A still deadly disease is HIV infection and AIDS. A projected 70% of new sexually transmitted infections cases are occurring among young people, especially among men who have sex with men, those involved in sex work, and those who inject drugs in Thailand. Some believe that social media, online dating websites, and mobile applications make it much easier for young people to meet others in order to engage in casual sex.
Assembled by the UN Children’s Fund (UNICEF), the new study, “Situational Analysis of Young People at High Risk of HIV Exposure in Thailand,” collected data from about 2,000 young people, including men who have sex with men, transgender persons, females who exchange sex for money, migrant workers, and people who inject drugs in four provinces. The highest number of sexually transmitted infections (STIs) and unwanted pregnancies in Thailand are among 15-24 years old age group, suggesting that safe sex messages are not reaching this age group. Read the report for more information.1
The International Technical Guidance on Sexuality Education is based on a rigorous review of evidence on sexuality education programs and is intended for education and health sector decision-makers and professionals.2 In many parts of the world, a combination of social taboos, unavailability of sound information, lack of resources, and infrastructure make it problematic for children and young people to access sexuality education intended to improve knowledge and reduce risk. This leaves many young people vulnerable to coercion, abuse, exploitation, unintended pregnancy, and sexually transmitted infections, including HIV. The International Technical Guidance on Sexuality Education is available in Arabic, Chinese, English, French, Portuguese, Russian, Spanish, and Thai.
According to the UNAIDS 2008 Global Report on the AIDS Epidemic, only 40% of young people aged 15-24 had accurate knowledge about HIV and transmission.3 Due to this experience of insufficient levels of basic knowledge, young people aged 15-24 account for 40% of all new HIV infections.4
One of the things suggested for early detection of HIV infection is testing in the dental office. Dentists in South Korea have already begun regularly offering HIV tests, and so have a few in Canada, Mexico, and the United States. One study used data from the 2005 National Health Interview Survey to observe the possible role of dental care in reaching untested individuals at self-reported risk for HIV.5 An projected 3.6 million Americans report that they are at significant HIV risk yet have never been HIV tested. Three quarters of these people have seen a dentist within the past two years. Dental care offers opportunities to serve at-risk individuals who are otherwise unlikely to be tested or to receive preventive care services.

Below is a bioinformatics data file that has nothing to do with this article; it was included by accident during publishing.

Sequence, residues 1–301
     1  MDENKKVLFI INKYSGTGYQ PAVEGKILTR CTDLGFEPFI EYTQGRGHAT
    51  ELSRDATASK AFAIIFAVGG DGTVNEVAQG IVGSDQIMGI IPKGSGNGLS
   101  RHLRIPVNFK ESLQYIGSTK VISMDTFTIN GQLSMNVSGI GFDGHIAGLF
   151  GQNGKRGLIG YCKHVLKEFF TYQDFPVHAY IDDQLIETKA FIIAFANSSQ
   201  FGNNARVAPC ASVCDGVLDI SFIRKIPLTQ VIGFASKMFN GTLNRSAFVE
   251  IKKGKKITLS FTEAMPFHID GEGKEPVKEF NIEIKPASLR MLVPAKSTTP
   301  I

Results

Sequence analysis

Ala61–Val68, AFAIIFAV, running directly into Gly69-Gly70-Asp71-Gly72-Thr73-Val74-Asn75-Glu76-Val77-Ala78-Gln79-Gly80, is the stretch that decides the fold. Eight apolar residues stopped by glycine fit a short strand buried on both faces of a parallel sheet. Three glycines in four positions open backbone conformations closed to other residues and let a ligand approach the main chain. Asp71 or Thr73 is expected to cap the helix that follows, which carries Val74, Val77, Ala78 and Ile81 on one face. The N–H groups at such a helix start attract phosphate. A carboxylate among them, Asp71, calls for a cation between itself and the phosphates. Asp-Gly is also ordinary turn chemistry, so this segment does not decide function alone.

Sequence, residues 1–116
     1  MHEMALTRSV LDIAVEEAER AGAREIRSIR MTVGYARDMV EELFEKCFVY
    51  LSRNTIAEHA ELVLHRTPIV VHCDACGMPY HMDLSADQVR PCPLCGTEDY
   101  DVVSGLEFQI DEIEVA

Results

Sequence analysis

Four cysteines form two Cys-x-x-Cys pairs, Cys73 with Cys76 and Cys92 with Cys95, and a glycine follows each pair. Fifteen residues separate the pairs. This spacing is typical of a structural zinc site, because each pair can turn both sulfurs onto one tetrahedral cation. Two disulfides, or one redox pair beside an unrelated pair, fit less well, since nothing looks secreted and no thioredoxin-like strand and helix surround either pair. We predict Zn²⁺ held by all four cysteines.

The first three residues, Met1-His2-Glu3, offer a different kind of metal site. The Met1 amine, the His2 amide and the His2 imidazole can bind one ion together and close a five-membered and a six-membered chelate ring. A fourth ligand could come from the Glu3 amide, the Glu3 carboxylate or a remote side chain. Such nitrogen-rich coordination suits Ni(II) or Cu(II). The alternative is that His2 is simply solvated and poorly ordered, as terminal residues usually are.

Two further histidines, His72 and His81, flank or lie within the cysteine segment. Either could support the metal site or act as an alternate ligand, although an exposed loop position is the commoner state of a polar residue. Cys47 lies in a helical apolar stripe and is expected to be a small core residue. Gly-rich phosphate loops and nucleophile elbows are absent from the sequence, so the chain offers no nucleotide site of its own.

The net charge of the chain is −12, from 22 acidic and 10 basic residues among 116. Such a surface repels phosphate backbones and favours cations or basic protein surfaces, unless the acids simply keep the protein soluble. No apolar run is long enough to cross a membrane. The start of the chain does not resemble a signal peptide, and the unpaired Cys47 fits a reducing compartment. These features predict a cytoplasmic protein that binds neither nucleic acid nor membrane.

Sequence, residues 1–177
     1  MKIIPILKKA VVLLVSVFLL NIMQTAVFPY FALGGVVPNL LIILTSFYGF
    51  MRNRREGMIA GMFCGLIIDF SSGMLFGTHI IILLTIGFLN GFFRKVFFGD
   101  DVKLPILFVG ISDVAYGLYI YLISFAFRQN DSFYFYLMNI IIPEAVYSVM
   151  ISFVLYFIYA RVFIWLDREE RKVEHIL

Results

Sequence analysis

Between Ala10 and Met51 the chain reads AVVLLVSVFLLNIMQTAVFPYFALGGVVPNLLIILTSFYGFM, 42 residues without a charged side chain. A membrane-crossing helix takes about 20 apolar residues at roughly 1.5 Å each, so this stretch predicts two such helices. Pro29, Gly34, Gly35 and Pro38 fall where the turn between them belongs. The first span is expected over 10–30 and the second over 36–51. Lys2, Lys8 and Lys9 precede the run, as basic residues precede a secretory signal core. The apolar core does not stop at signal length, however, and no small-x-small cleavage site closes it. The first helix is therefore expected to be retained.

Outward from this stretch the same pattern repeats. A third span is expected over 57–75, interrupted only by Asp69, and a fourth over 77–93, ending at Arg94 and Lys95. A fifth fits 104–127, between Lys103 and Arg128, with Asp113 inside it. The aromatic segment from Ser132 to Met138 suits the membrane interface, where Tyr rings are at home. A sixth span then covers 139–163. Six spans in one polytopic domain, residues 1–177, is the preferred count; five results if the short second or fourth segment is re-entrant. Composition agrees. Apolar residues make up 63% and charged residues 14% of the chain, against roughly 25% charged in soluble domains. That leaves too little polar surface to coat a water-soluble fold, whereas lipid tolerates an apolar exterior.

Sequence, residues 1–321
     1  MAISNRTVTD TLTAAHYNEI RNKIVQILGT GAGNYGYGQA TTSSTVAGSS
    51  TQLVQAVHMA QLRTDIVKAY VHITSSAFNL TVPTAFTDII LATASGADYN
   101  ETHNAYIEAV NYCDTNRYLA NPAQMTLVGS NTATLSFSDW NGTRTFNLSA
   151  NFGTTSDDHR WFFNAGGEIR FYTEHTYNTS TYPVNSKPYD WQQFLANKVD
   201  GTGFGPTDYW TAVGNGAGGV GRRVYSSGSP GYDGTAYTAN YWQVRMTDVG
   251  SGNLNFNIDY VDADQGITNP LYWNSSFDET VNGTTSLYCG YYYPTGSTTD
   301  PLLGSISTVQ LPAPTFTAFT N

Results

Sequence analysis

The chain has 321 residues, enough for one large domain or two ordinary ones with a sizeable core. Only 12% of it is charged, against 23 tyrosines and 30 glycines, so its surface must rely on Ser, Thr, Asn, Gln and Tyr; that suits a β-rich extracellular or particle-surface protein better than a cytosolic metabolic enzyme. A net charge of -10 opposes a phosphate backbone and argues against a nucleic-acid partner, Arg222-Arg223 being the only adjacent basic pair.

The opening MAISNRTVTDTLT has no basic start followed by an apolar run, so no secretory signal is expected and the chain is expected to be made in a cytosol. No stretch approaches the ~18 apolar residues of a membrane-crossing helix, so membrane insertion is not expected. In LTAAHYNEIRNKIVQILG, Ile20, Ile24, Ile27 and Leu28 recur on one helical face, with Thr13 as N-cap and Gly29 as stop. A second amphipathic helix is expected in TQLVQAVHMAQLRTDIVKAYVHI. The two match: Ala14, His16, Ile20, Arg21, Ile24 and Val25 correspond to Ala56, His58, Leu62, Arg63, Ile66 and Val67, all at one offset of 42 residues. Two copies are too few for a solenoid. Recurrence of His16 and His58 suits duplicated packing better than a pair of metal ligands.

Most dental patients are open to receiving an HIV test in a dental office. One paper reported the results of qualitative interviews with 19 adults attending a university-based dental clinic in New York City.6 Overall, patients held very positive attitudes and beliefs toward HIV screening in dental sites and identiﬁed important factors that should be incorporated into the design of nurse-dentist collaborative HIV screening programs. Rapid oral HIV testing in the dental practice setting is a good way to reach a proportion of the population not currently accessing primary care in more traditional medical settings.
Another study showed that more than 80% of oral health patients are willing to receive rapid HIV-testing in dental settings, which could help reduce the spread of the HIV.7
Dental offices could use oral HIV tests that detect antibodies that the immune system releases to attack HIV. One device, the OraQuick Advance, is a paper strip coated with harmless amounts of HIV antigens.8 It’s used to swab the cheeks and gums. A health provider then dips the strip in a vial filled with an enzyme solution that reacts to HIV antibodies in oral fluids, producing a solid line on the strip to indicate a positive result. No antibodies, no line. The test takes around 20 minutes. One study stated that dental hygienists could administer the test, most likely at the start of an appointment, with results given at the end.9 Since a positive result doesn’t necessarily indicate HIV status, the dental hygienist would then refer positive-testing patients to a primary-care doctor for further testing. Santella and his group propose testing an HIV test kit at three dental hygiene clinics in New York City.9
- The School of Global Studies, Thammasat University, Rangsit Campus. Situational Analysis Of Young People At High Risk Of HIV Exposure In Thailand: Synthesis Report. http://www.unicef.org/thailand/UNICEF_study_on_HIV_infection_among_young_peole_FINAL_ENGLISH.pdf.
- UNAIDS 2009 AIDS Epidemic Update. http://data.unaids.org/pub/report/2009/jc1700_epi_update_2009_en.pdf.
- Pollack HA, Metsch LR, and Abel S. Dental Examinations as an Untapped Opportunity to Provide HIV Testing for High-Risk Individuals. Am J Public Health. 2010 January; 100(1): 88–89. doi: 10.2105/AJPH.2008.157230.
- VanDevanter N, Malamud D, Combellick J, and Shelley D. A Qualitative Study of Patients’ Attitudes toward HIV Testing in the Dental Setting. Nursing Research and Practice, Volume 2012, Article ID 803169, 6 pages. doi:10.1155/2012/803169.
- Santella A. Davide SH, Cortell M, Furnari W, and Tuthill J. The Role of Dental Hygienists in Conducting Rapid HIV Testing. The Journal of Dental Hygiene, Vol. 86, No. 4, Fall 2012, 265-271.